When you start to build an application for the SUR40 and Microsoft PixelSense, all used to work really perfectly well on the simulator and your development PC. When you start to install and run your application directly on the device in Surface mode, you start to face a challenging but important issue:

Get your application started before the Surface Shell timeout

All of us found the famous startup time-out handle by the Surface shell. It could happen that your application appears to never start in that mode or it starts but not all the time.

Never block the main UI thread

The entry point of your Surface application is the main surface window, and this is also the main UI thread for your application. If you perform some long operation within the loading process of that main Window, you are blocking the main UI thread and you will definitely get the famous time-out message

How does it really work

A Microsoft Surface application must not block the UI thread for more than 5 seconds. If it does so, the system closes and tries to restart the unresponsive applications twice. If it must close the application the third time because of unresponsiveness, Surface returns to Launcher and does not try any further restarts.

Loading your application while using potentially long loading of controls

When you start to build an application, you usually start to fill up your SurfaceMainWindow.xaml grid with the different control that you think you need to load.
The following code snapshot shows that scenario:


Potentially Locked Main Surface windows loading process

<s:SurfaceWindow x:Class=”SurfaceAppStartup1.SurfaceWindow1″ 
      
      
      
      
Xmlns:controls=”clr-namespace:SurfaceAppStartup1.Controls” 
      
Title=”SurfaceAppStartup1″ 
      
      
<Grid x:Name=”Content” Height=”Auto”> 
      
<s:SurfaceScrollViewer x:Name=”_mainHScrollViewer” ScrollChanged=”_mainHScrollViewer_ScrollChanged” 
      
Width=”{Binding Element Name=Main, Path=Width}” 
      
PanningMode=”None” 
      
HorizontalScrollBarVisibility=”Hidden” 
      
VerticalScrollBarVisibility=”Hidden” DataContext=”{Binding}”> 
      
<StackPanel x:Name=”AppPanel” Orientation=”Horizontal” Background=”Transparent” >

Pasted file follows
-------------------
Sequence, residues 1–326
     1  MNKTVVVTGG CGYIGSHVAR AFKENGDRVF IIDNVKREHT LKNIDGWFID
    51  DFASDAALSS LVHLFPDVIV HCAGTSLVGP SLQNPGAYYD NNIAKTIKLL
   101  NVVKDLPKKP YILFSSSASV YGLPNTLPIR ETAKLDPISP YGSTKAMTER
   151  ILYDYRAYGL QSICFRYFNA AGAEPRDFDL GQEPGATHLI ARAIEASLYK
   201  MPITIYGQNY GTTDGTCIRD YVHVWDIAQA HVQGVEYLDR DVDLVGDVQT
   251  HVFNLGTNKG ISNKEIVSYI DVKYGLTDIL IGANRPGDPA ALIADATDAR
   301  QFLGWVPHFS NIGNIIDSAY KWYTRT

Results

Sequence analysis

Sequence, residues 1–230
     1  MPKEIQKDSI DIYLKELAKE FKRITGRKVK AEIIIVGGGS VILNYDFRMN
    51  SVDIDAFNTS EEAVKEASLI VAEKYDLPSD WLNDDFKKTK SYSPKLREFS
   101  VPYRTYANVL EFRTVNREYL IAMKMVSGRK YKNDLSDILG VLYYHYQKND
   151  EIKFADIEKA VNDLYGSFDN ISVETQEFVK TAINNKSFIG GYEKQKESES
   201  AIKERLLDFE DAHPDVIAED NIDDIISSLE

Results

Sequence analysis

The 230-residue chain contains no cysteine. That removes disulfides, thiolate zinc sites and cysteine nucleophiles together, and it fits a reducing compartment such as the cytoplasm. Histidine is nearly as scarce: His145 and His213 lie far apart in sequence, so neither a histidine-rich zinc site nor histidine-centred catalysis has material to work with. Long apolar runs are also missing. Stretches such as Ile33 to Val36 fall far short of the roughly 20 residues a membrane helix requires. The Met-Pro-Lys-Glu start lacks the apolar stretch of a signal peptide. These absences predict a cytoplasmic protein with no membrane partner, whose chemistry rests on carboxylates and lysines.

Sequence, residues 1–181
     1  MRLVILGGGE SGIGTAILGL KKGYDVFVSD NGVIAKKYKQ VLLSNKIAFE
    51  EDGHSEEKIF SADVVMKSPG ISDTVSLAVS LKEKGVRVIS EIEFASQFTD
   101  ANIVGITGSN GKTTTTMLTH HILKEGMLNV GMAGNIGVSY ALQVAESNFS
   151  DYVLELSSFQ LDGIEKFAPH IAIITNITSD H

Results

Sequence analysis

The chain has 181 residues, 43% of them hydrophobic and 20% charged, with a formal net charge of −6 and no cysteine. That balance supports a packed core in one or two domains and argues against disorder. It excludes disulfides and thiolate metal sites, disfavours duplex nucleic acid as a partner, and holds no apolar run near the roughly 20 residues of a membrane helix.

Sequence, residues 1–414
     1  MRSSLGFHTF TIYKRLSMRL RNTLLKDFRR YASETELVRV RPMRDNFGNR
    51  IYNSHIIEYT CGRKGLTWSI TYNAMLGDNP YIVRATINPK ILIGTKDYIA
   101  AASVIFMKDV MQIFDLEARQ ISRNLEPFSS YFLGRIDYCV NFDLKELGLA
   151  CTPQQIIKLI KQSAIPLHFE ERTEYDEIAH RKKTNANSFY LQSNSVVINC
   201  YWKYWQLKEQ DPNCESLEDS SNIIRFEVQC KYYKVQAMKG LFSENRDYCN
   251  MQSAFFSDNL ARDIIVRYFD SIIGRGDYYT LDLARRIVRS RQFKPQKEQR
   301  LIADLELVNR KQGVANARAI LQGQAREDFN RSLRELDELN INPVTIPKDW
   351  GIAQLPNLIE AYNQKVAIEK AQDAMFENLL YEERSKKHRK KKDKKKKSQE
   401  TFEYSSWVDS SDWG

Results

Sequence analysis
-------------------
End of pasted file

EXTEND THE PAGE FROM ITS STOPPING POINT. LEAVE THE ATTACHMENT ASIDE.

<!– Load background Window –> 
      
<controls:BackgroundImage DataContext=”{Binding}”/> 
      
<!– Load WordMapControl –> 
      
<controls:WorldMapControl/> 
      
</StackPanel
      
</s:SurfaceScrollViewer
      
</Grid
      
</s:SurfaceWindow>

 

From the sample above, you can see that we are instantiated directly in Xaml the loading of the WorldMapControl UserControl as <controls:WorldMapControl/>. In this case, if the loading time that that control is longer than plan your main UI thread will be blocked and you will get the Surface Shell Time-Out.

Solution : Use of Content control and Binding

From the sample above, we simply replace the <controls:WorldMapControl/> by the code below :

<ContentControl DataContext=”{Binding Source={StaticResource Locator}, Path=WorldMapViewModelStatic}”
  
Content=”{Binding MapControl, UpdateSourceTrigger=PropertyChanged}” />

You can guess from the code above that we are using binding and an MVVM pattern to reach our goal. By doing so, the main UI thread will not be blocked during the loading of the control. Instead, it will prepare a Content control that will have its Content property bind to a MVVM property named MapControl. When the MapControl property change, the control will be injected in the ContentControl.

What to do then while my user will wait for control to load?

This is a really interesting question and there are different approach. First avoid using a simple loading screen without adding value for the user. Remember that as soon as a Surface application has started, the application is interactive and user expects to do something with it:

  1. Provide simple content information in relation with your application that users can already explore
  2. Indicate visually that remaining contents are currently loading
  3. When the remaining controls have completed and the full application is ready, bring attention to users with visual component or effect that something more can be done

Important:

When all your application initialization content is done, your application must call the Microsoft.Surface.ApplicationServices.SignalApplicationLoadComplete method to dismiss the opening activity when the application is ready to appear. If your application does not call that method, it Surface shell will wait for the end of the time out process.

Remark: ( msdn source)

Applications that are hosted in a SurfaceWindow control do not need to (and should not) call the SignalApplicationLoadComplete method if the AutoSignalLoadComplete property is true (the default value). In this case, the SurfaceWindow control calls SignalApplicationLoadComplete automatically.

If your application is not hosted in a SurfaceWindow control, or if you set the AutoSignalLoadComplete property to false, your application must call SignalApplicationLoadComplete when your application has completed initialization. This call causes Launcher to dismiss the loading screen and display your application on the Surface screen.

The SignalApplicationLoadComplete method must be called (either automatically or manually) only once during the lifetime of the application.

 

You can download sample project which illustrate this from the MSDN code sample.

Hoping this small post will be helpful for you.